Anisha Singh, 35, Entrepreneur
I believe in an ashram way of life where every time you take something from nature you try and give back something too. Though I have lived in US for many years and enjoyed the cosmopolitan life, but a conscious effort to save energy has always been imbued in my mind. Keeping the philosophy in mind, back here in our Delhi home we harvest rainwater. Though we maintain a big garden with both ornamental and kitchen plants, the water used for gardening is always recycled. The small fountain in the house also is operated with harvested and recycled water. We have also set up a sunroof in the house so that we can use solar energy to conserve energy. Apart from those, minor changes in the house such as installing showers that use less water and storing homegrown organic herbs in sachets for the season ahead, helps us reconnect with nature in many ways.”
Inderpal Singh Kochhar, 30, Restaurateur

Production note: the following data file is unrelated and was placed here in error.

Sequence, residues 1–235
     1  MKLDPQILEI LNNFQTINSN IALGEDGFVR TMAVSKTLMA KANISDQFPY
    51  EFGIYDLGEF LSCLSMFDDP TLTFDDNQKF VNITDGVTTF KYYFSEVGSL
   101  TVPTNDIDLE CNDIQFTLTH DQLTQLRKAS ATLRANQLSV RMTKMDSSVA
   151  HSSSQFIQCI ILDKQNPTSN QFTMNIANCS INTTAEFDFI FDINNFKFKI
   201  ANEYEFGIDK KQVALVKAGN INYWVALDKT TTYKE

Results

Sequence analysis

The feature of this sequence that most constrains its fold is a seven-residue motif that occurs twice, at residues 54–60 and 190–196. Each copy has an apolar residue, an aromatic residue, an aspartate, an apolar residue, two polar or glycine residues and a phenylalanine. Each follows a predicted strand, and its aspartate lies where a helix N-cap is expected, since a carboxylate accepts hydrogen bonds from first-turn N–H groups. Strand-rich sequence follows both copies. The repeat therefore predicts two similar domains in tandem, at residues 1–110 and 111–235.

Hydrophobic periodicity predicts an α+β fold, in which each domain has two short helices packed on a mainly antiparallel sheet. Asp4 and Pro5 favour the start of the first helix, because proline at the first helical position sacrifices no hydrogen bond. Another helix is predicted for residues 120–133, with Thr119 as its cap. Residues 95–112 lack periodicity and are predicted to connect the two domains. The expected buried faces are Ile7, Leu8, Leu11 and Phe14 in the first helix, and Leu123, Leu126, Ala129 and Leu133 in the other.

During my childhood years I led a very outdoorsy life which did connect me to nature, but honestly till a few years ago I was a regular city guy who wouldn’t spare much time thinking about conserving resources. Around 4-5 years ago when I began work on a zero km design concept resort in Rajasthan, it opened up my eyes towards the urgent need to save resources and think locally. I set up an organic garden on my terrace. Since it’s not possible to grow every vegetable in Delhi, we try to grow whatever we can. On weekends its fun to fill the food basket from my terrace garden for my entire extended family. After a trip to Israel last year I was inspired to take up urban farming, as a CSR initiative in my company. We also take care of little things like using recycled paper at work.”